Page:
The US market is expensive on a current rolled PE of 20 and a price-to-book ratio of 2.8. We are
of the opinion that the market is over-optimistic about Trump’s policies. On a PPP basis, the US
dollar is considerably overvalued versus emerging market currencies, making US companies less
competitive. Furthermore, non-financial US companies have increased their financial leverage
considerably since 2012 to buy back shares, with debt to assets now at record high levels of
We did retain a neutral position in developed equity markets as real returns from competing assets
were not attractive. However, with rising global bond yields we are reconsidering this decision.
Even though global sovereign bond yields weakened after the election of Trump as president, we
retained our underweight position. At a yield of about 2.4%, US long bonds offer a positive real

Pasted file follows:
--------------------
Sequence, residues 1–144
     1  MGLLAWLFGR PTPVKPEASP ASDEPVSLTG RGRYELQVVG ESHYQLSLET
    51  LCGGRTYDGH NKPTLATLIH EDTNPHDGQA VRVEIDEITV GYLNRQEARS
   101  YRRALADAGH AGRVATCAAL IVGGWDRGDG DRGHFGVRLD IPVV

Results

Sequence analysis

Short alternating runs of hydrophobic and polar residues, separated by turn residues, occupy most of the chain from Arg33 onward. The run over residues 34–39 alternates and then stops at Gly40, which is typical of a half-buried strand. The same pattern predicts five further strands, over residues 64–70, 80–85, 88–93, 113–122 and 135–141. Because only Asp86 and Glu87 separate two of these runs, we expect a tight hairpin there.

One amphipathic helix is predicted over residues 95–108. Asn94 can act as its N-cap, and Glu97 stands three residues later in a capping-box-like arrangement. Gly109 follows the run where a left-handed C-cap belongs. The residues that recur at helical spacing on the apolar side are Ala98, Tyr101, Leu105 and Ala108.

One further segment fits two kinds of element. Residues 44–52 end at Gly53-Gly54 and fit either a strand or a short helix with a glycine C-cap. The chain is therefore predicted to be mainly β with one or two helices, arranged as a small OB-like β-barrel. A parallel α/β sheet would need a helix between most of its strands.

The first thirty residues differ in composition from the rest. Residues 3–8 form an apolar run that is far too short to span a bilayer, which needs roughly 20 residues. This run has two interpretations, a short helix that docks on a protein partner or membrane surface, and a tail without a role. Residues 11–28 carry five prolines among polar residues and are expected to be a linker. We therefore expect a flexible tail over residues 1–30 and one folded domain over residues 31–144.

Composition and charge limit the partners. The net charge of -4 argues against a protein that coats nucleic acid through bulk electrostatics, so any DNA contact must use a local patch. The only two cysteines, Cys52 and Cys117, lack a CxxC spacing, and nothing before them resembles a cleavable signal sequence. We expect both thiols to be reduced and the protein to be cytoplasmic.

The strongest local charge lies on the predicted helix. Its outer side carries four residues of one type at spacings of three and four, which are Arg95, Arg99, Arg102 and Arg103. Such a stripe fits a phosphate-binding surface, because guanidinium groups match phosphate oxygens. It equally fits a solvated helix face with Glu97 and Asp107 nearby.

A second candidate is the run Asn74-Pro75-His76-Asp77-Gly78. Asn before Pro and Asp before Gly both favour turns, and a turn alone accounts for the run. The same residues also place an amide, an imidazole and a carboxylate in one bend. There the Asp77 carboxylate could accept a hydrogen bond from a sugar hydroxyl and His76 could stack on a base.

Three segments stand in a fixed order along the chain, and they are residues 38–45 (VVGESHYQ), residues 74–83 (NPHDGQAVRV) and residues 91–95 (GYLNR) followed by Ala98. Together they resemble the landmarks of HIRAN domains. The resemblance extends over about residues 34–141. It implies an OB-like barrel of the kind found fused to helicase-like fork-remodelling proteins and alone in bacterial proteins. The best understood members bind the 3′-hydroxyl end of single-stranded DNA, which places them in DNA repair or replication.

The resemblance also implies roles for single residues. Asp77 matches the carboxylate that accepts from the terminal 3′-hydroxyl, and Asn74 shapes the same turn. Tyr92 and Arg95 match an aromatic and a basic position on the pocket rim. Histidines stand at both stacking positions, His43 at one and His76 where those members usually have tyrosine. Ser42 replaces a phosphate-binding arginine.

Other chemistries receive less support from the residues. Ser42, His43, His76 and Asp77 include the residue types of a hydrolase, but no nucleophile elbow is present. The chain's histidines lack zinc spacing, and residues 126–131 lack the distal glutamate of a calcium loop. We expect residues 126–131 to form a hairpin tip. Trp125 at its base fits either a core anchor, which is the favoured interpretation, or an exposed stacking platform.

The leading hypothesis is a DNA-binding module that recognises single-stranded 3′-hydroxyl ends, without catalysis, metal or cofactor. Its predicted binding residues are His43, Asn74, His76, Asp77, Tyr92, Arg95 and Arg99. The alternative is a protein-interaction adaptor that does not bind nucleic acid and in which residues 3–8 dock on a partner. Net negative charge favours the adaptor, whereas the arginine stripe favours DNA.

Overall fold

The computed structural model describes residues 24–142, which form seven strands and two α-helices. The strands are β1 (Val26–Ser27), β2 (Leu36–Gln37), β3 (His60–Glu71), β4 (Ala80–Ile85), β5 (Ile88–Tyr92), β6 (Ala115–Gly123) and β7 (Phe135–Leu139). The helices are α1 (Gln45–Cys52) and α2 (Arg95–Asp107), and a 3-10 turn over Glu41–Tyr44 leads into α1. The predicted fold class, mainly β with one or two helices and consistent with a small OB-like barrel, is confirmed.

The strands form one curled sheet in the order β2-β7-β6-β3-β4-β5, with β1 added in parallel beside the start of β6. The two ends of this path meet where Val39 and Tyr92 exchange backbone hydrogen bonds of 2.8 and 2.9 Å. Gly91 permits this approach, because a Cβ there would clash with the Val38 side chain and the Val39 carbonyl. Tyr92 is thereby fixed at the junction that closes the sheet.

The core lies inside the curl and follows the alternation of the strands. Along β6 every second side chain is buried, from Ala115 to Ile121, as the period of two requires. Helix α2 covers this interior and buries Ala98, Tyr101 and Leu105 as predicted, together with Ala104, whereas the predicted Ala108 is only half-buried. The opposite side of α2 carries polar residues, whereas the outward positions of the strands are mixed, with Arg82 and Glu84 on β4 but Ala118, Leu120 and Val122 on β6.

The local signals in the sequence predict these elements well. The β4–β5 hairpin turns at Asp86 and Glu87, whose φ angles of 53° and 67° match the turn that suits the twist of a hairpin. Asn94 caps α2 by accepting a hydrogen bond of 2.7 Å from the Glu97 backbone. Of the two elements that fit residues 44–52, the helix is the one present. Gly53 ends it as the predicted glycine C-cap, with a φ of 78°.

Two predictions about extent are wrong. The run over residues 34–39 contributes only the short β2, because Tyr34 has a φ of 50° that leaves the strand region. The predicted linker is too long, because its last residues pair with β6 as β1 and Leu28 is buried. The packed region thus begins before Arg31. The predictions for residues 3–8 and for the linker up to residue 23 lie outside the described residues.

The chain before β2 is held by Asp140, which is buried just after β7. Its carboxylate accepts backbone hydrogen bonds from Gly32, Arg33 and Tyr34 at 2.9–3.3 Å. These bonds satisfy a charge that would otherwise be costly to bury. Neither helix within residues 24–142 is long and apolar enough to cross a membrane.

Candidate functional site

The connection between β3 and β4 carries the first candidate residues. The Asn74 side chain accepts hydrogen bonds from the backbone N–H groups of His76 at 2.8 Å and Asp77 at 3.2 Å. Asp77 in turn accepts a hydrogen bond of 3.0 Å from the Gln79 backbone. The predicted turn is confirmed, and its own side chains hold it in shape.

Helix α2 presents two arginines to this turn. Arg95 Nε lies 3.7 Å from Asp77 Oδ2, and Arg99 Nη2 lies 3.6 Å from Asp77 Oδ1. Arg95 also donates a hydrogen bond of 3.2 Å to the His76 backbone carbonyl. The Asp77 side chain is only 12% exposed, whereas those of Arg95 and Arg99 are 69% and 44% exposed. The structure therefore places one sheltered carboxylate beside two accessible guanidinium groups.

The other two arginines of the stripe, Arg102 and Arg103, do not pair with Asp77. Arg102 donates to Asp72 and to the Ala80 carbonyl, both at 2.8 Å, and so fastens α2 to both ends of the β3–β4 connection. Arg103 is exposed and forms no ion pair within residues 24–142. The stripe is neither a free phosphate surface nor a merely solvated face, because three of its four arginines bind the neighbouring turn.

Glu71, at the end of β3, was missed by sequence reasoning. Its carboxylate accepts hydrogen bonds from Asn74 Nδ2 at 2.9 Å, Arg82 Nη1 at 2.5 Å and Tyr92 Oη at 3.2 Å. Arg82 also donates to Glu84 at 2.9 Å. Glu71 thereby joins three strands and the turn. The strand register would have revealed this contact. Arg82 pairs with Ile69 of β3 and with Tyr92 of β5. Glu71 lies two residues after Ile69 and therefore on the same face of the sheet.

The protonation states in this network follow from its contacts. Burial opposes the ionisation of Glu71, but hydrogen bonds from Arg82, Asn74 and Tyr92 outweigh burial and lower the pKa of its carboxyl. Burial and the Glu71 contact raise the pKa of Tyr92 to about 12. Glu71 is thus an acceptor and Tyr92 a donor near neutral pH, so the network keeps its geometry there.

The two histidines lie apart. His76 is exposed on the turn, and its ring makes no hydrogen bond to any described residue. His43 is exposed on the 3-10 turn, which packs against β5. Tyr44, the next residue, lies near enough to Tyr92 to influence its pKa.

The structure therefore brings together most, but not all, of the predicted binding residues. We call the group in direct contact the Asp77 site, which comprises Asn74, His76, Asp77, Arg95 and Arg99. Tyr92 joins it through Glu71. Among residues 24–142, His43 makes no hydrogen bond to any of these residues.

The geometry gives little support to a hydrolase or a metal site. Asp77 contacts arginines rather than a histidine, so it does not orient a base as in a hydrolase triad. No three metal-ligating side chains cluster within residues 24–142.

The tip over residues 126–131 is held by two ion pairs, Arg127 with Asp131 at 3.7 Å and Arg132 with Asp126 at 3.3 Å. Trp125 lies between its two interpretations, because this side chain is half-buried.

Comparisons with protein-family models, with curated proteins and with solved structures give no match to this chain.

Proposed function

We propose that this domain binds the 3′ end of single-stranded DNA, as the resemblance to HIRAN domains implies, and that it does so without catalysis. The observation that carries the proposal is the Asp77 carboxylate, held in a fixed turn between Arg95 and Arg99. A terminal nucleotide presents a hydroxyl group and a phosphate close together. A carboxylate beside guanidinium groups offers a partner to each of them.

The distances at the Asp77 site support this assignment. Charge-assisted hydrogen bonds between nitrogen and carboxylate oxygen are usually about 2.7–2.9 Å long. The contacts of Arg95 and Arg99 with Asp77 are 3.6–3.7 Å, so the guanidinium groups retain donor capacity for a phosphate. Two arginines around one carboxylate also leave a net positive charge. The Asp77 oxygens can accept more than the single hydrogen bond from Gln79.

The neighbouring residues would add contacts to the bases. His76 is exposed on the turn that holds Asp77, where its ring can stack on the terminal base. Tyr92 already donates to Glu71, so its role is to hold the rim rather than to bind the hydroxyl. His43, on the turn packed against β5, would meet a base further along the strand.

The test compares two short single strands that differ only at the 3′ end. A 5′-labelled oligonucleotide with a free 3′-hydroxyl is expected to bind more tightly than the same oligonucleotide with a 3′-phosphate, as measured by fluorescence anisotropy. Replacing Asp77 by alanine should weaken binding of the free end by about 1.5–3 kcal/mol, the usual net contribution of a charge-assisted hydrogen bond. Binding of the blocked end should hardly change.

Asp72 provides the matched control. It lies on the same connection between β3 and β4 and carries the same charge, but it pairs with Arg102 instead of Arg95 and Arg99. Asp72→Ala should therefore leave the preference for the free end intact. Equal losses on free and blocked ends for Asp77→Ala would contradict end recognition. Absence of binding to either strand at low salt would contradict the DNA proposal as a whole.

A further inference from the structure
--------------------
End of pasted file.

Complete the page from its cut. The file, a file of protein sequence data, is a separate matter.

return relative to our long-run inflation assumption of 2% for the developed world. We are
concerned about long-run global inflation (see the discussion below) and would require an
attractive premium above 2% before investing in developed market bonds.
We retained our overweight position in international properties via listed real estate investment
trusts (REITs). Our portfolio currently consists of nine companies that have properties in the USA,
UK, Europe and Australasia. The average dividend yield of the portfolio is 6.0%. These REITs
typically have a 40% debt-to-equity ratio so rising bond yields would increase their cost of funding
over the longer run. However, since we do expect some growth in earnings from these property
companies, especially if inflation rises, they should outperform global bonds in the long run.
We are worried that global inflation might become a problem. Commodity prices have recovered
rapidly in 2016 and this has already caused corporate goods prices to start increasing in China.
Also, Trump’s plans for fiscal stimulus, through infrastructure spend, could push up inflation. All of
this should be seen in the light of the quantitative easing policies of the past few years with central
banks printing money to fund rising government debt in the US, Europe, UK and Japan. US
government debt to GDP has increased from 65% in 2007 to well over a 100% now.